Purifying Somali Sesame Seeds
Somali sesame crops are traditionally cultivated in the flood recession areas of Lower and Middle Shabelle and in the depression/low land areas where the Jubba River floods inundate farming areas of Middle and Lower Jubba regions. Due to its value in the world markets, the cultivation of the crop has been spreading into more of the dry farming areas as well.
The sesame seeds cultivated in Somalia are characterized as being inherently low yielding and having uneven seed sizes. Above all, the existing local sesame seed variety has mixed seed color coats (white, white creamy, gray, reddish, black, etc.), which is normally not the preference of the recipient world markets.
This seed color impurity is believed to be caused by the pollination process and other environmental factors. The types of pollinations have been reported in sesame literature. Generally, sesame is self-pollinated (99%) when the pollinator agents (bees, etc.) have multiple choices of crops bearing flowers to visit. However, when the pollinator agents have no choice other than the sesame crop, cross-pollination (50-60% by insects) occurs and causes mixed seed color coats.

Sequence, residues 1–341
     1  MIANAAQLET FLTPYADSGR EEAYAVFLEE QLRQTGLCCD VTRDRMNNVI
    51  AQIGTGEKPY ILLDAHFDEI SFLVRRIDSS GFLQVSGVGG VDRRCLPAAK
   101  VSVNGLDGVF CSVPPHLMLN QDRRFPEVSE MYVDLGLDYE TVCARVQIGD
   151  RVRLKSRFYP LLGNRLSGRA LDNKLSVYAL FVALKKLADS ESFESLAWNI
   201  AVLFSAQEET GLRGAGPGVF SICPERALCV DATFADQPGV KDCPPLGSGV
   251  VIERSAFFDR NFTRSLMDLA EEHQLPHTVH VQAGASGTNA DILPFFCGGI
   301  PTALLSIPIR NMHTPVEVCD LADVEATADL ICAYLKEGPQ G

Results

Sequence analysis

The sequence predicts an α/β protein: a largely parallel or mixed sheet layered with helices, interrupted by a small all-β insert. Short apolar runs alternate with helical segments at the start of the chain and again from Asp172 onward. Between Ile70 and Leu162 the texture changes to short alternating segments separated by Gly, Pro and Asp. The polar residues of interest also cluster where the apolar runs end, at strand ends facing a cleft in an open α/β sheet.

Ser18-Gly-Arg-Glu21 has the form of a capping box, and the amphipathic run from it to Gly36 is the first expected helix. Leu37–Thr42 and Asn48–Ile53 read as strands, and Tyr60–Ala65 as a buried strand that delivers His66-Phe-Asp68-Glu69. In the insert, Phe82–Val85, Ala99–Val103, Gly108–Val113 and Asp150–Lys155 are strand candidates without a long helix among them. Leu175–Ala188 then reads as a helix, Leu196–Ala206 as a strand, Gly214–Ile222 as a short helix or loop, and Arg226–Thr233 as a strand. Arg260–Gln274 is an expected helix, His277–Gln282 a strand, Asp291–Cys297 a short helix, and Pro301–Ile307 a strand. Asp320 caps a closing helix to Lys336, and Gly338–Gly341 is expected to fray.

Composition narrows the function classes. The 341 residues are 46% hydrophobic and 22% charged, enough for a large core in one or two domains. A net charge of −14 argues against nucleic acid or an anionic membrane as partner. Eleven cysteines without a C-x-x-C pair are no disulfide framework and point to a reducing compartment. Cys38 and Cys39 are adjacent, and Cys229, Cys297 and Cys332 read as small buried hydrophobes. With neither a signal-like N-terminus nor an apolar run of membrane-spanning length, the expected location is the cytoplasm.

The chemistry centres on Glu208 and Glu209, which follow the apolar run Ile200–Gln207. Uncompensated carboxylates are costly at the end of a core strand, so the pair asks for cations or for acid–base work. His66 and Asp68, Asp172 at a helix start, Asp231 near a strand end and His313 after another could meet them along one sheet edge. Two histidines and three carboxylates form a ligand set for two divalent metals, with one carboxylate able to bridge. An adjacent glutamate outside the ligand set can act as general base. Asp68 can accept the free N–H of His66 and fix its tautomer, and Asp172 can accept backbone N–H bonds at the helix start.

Minimum sesame seed color impurity is expected in irrigated areas of Lower/Middle Shabelle and Lower/Middle Jubba regions. These areas grow a variety of crops including fruits (mango, papaya, banana, lemon, grapefruit, guava, coconut, and spondees), vegetable crops (cucumber, melon, watermelon, coriander and spicy leaf vegetables), ornamental plants and multiple natural floras.
SATG is dedicated to improving the Somali sesame seed varieties. It has taken the task and much initiative to purify Somali sesame seeds starting with the separation of the locally available sesame seeds into four varieties based on seed color coats.
For the time being, we have selected “Local White Creamy” (LWC-AFG) seeds for seed multiplication. SATGs mission is to: a) develop pure sesame with uniform seed color (white) adopted to the local environment, b) further safe-guard the purity of the selected seed variety in time and space, and c) test the oil and other nutrient content of sesame seeds.
In doing so, SATG wants to contribute to increasing the availability of locally produced pure sesame seeds for Somali farmers, while also providing sesame seed exporters with the opportunity to export seeds to international markets and boost up the economic earnings from sesame businesses in Somalia.
– By Abdulkadir Mohamed Abikar
SATG Agromonist and Advisor
Local White Creamy (LWC-AFG) sesame seed